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Dowling on Handicaps and Quality of Life

September 01, 1996

Re Katherine Dowling's "What Constitutes a Quality Life?" Commentary, Aug. 28:

As the sister of an adult Down syndrome person who, until a few months ago, lived with my family (recently, my mother alone), I have to say that the golden image of family helping to make this person's " 'less than perfect' life a thing of happiness" is hardly realistic.

When Down syndrome people reach their 20s, they often develop severe emotional problems that combine in volatile ways with their mental limitations. Not only was my sister increasingly miserable living with my mother (exhibiting violent and even dangerous behavior), my mother was miserable dealing with my sister's problems. Out of love for my sister and mother, and shared pain for my sister in her unhappiness, I am thrilled that they now live apart.

This is not to say that all Down syndrome fetuses should be aborted. But it is dangerous and highly unrealistic to paint a glamorous or romantic picture of what families can do.


Los Angeles

* If, as Dowling states, most partial-birth abortions are done for problems that are either surgically correctable or would result in some degree of neurologic or mental impairment, but would not harm the mother, or were done for reasons such as depression, chicken pox, diabetes or vomiting, I think we have a profound ethical question, and partial-birth abortions need to be critically examined.

On the other hand, many of Dowling's assumptions could use some critical examination also.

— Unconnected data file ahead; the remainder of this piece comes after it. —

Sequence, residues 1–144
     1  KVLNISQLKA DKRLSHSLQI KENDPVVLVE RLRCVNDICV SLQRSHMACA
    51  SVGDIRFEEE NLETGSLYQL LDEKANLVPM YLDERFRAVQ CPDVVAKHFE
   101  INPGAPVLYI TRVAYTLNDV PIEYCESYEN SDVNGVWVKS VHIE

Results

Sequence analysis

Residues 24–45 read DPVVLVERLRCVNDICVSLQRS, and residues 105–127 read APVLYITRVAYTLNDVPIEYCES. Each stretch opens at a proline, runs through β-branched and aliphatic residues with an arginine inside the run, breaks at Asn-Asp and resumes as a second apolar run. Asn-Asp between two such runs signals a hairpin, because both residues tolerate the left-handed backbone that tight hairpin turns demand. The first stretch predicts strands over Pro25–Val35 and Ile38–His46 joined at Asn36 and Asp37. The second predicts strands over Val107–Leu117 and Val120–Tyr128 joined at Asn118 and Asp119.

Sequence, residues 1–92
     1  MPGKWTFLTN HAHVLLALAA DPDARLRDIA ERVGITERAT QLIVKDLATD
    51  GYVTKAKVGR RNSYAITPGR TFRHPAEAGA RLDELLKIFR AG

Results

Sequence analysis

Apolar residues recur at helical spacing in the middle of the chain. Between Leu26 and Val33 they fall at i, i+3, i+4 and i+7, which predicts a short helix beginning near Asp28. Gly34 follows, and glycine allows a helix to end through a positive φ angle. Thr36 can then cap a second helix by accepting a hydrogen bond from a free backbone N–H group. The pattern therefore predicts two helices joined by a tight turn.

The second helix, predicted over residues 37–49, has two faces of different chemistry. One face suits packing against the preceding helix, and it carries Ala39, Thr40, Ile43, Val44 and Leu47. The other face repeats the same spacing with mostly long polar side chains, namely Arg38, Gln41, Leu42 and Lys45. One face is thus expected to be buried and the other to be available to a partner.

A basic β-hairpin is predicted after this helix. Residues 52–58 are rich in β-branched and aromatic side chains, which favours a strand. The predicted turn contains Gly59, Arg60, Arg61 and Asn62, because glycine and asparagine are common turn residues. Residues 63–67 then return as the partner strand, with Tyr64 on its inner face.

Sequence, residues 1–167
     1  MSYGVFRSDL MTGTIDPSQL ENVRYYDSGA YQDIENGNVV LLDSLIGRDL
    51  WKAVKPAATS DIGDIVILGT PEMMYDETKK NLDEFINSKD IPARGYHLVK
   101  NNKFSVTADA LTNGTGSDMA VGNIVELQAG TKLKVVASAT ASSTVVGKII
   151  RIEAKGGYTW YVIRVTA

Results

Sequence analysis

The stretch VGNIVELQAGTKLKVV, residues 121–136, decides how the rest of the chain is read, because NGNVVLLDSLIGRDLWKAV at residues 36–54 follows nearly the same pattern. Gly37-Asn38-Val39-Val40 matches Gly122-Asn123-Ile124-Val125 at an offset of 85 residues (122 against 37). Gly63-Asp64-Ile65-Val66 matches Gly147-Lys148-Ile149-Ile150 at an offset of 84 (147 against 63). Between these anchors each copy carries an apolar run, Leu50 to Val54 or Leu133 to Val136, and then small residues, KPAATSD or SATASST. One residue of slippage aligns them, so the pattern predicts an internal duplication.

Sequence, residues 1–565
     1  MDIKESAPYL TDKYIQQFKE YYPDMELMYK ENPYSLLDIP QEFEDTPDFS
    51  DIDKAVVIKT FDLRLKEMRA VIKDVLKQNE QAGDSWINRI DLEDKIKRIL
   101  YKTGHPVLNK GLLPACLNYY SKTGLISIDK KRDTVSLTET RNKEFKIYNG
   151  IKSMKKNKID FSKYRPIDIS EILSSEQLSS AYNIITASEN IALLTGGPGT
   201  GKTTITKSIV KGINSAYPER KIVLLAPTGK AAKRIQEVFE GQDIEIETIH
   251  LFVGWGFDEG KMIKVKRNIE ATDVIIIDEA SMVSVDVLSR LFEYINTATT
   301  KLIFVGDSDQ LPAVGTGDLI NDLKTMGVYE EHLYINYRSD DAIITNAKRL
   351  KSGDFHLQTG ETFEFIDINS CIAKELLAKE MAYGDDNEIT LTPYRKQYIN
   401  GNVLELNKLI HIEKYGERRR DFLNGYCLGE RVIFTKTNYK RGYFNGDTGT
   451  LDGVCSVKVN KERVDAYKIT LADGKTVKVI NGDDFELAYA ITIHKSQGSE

She cites the case of the young adult who has the capacity of a 4-year-old. She describes his joy when his mother is with him, but does not mention his terror or fear when his mother is gone. She comments on how only his mother can understand his speech. She concludes his life is apparently happy, and that his parents are heroic, courageous and happy too.

She makes similar points for those families raising Down syndrome children. And to an extent she is right. People often can accept with dignity and courage whatever difficulty life has dealt. She makes no mention of the wrenching pain such parents feel, and seldom feel safe enough to give voice to, since the official dogma is that such burdens are a blessing and build character. Even make you happy.

Some people do find happiness in having a perpetual child in the house, never growing up year after year, only growing older. Other people do not. Shouldn't a person have a choice over whether she or he wants to undertake that kind of challenge? Should a person complete a damaged pregnancy, and then give the handicapped, deformed, or sometimes almost inhuman result up for adoption? Who would adopt a deformed infant, a challenged child? Some fortunately do. Most do not. Should the state warehouse the child?

Dowling makes it all too simple.



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